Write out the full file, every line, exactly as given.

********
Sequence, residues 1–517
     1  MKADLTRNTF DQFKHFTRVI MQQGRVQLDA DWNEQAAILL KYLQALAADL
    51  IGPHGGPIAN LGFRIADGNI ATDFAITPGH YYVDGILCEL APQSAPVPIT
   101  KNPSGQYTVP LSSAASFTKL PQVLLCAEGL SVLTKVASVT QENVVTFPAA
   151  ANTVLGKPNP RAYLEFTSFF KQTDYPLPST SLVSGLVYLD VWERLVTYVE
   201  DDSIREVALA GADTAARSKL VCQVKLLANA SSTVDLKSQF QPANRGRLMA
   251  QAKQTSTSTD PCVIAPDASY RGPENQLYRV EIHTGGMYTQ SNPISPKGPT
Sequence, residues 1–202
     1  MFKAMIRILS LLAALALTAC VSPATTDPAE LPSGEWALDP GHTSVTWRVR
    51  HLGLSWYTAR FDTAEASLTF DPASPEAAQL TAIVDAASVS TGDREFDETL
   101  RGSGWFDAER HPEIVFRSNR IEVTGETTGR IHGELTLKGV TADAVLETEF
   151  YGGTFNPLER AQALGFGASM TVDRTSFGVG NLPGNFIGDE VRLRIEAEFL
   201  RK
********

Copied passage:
Sequence, residues 1–517
     1  MKADLTRNTF DQFKHFTRVI MQQGRVQLDA DWNEQAAILL KYLQALAADL
    51  IGPHGGPIAN LGFRIADGNI ATDFAITPGH YYVDGILCEL APQSAPVPIT
   101  KNPSGQYTVP LSSAASFTKL PQVLLCAEGL SVLTKVASVT QENVVTFPAA
   151  ANTVLGKPNP RAYLEFTSFF KQTDYPLPST SLVSGLVYLD VWERLVTYVE
   201  DDSIREVALA GADTAARSKL VCQVKLLANA SSTVDLKSQF QPANRGRLMA
   251  QAKQTSTSTD PCVIAPDASY RGPENQLYRV EIHTGGMYTQ SNPISPKGPT
Sequence, residues 1–202
     1  MFKAMIRILS LLAALALTAC VSPATTDPAE LPSGEWALDP GHTSVTWRVR
    51  HLGLSWYTAR FDTAEASLTF DPASPEAAQL TAIVDAASVS TGDREFDETL
   101  RGSGWFDAER HPEIVFRSNR IEVTGETTGR IHGELTLKGV TADAVLETEF
   151  YGGTFNPLER AQALGFGASM TVDRTSFGVG NLPGNFIGDE VRLRIEAEFL
   201  RK